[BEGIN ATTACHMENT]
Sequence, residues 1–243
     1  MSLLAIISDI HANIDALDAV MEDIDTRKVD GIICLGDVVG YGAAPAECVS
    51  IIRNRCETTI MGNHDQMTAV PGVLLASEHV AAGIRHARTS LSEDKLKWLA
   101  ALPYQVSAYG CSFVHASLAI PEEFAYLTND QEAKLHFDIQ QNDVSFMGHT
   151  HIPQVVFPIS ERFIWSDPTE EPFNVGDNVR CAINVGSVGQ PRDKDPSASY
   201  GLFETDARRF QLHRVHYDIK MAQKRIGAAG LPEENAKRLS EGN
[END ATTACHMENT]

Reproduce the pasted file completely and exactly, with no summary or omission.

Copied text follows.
Sequence, residues 1–243
     1  MSLLAIISDI HANIDALDAV MEDIDTRKVD GIICLGDVVG YGAAPAECVS
    51  IIRNRCETTI MGNHDQMTAV PGVLLASEHV AAGIRHARTS LSEDKLKWLA
   101  ALPYQVSAYG CSFVHASLAI PEEFAYLTND QEAKLHFDIQ QNDVSFMGHT
   151  HIPQVVFPIS ERFIWSDPTE EPFNVGDNVR CAINVGSVGQ PRDKDPSASY
   201  GLFETDARRF QLHRVHYDIK MAQKRIGAAG LPEENAKRLS EGN